I return to amendment No. 5. The Opposition believe that Government targets should be achievable and measurable. Sector-wide programmes cannot fully account for the impact of British aid money. The Department's researchers said that, when using sector-wide aid programmes, individual donor programmes are difficult to disaggregate from other donor programmes. I hope that the Minister will smile on me benevolently and give me hope that he will accept the amendment in some way, shape or form. Certainly, we need to know at what point the Bill recognises aid quality. Perhaps such a reference is included and I simply cannot find it; if so, I look to the Minister for guidance.

Do the Government intend to publish detailed performance indicators for the sector-wide programmes, so that the public and the House can have confidence in the way in which aid is spent? What scope is there for measuring projects' contribution to sustainable development several times and several years after completion? Those are reasonable questions to ask of the Minister at this stage in our proceedings.

5.30 pm

I reiterate that I am looking for fulfilment of the promise, which was made in a manifesto document before the last general election, of a regular debate on reports in Parliament. People expect such commitments to be met. Indeed, I hope that more power will be given to the Secretary of State, who assured the Chamber on Second Reading that she wanted an annual debate. However, it is clear either that the usual channels have not been fighting on her behalf, or that she has failed to convince her colleagues that parliamentary time should be given to the matter. We can give time to issues such as foxhunting, but it seems that we cannot spend a day debating the lives of the poorest people in the world, to which we hope to make a difference by distributing money through aid programmes.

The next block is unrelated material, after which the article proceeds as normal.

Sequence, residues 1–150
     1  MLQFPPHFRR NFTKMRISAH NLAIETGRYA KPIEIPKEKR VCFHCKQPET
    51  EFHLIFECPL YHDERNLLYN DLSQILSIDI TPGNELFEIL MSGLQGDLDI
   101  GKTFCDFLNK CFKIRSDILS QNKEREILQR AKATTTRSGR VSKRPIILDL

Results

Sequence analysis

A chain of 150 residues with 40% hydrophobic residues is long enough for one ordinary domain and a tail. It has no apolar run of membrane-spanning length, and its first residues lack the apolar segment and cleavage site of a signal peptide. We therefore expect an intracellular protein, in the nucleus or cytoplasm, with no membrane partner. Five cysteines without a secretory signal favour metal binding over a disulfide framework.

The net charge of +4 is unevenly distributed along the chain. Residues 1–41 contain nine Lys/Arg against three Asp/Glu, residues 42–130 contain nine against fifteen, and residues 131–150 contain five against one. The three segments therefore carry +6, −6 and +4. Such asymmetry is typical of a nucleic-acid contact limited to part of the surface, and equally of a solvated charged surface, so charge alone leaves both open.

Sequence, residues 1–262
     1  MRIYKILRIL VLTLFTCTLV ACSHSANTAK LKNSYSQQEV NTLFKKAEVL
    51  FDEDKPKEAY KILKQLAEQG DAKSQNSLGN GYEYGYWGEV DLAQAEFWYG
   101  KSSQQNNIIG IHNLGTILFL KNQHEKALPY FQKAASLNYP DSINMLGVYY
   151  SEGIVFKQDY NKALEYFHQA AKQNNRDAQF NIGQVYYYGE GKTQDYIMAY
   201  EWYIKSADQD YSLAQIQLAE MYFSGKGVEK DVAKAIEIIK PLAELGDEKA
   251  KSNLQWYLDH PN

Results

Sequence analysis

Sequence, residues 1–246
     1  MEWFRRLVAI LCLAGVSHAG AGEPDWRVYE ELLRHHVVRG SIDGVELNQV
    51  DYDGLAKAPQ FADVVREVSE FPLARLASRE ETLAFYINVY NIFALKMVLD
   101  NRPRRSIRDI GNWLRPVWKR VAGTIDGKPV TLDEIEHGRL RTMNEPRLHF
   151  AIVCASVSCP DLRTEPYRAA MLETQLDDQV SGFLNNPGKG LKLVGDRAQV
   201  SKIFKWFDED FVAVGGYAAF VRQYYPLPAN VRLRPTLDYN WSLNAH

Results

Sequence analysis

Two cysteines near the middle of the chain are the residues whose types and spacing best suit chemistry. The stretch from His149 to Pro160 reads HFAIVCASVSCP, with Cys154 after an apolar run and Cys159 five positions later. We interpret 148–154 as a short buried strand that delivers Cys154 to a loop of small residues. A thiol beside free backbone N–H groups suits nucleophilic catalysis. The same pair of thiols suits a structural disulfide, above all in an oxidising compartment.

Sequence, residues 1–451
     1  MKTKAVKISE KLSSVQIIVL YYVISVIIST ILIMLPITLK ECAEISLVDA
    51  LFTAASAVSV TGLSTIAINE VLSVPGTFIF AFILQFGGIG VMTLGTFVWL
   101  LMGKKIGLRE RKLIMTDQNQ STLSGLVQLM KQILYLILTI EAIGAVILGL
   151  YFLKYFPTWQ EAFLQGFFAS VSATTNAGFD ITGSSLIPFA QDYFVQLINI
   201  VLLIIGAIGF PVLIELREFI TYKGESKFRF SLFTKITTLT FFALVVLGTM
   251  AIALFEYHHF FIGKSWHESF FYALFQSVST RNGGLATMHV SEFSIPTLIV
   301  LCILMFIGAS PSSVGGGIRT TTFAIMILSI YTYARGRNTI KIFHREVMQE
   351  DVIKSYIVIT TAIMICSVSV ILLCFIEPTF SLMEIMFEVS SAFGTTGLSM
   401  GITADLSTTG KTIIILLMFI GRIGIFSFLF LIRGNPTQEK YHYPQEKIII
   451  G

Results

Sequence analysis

I have probably gone on for long enough about the amendment, but this is a matter about which I feel strongly, and the Minister should note that the amendment could be used to the Department's own advantage, even if it were accepted in a different form. I know that my hon. Friends also want to speak to the amendment, but they will agree that we are willing to withdraw it if the Minister is prepared to come up with a similar provision that he finds acceptable.

Dr. Jenny Tonge (Richmond Park): I hope that the hon. Member for Chesham and Amersham (Mrs. Gillan) is sitting comfortably and has some cold water to hand in case she feels faint, because I must say that I am minded to support the amendment. Indeed, she makes a very good case. In the past, the Select Committee on International Development and the Government have castigated the European Union for failing to give sufficient feedback on the progress of projects and the difference that aid is making in developing countries. If we are to place such requirements on other agencies, we should also place them on ourselves. We need greater feedback on our aid's effectiveness and the way in which it is dispersed.

I commend DFID on its literature, which is not a waste of money. Indeed, it is very good, and through it DFID has done a tremendous job in promoting the cause of development. I accept that it is difficult to find in the report what we really want to know: whether we are making a big difference and whether maternal mortality is declining significantly. The problem is probably one of presentation, in that it is rather difficult to get at the facts that we need. A simple appendix would suffice—there is no need for an entirely different publication. Alternatively, a section could be included explaining how the poverty targets are progressing.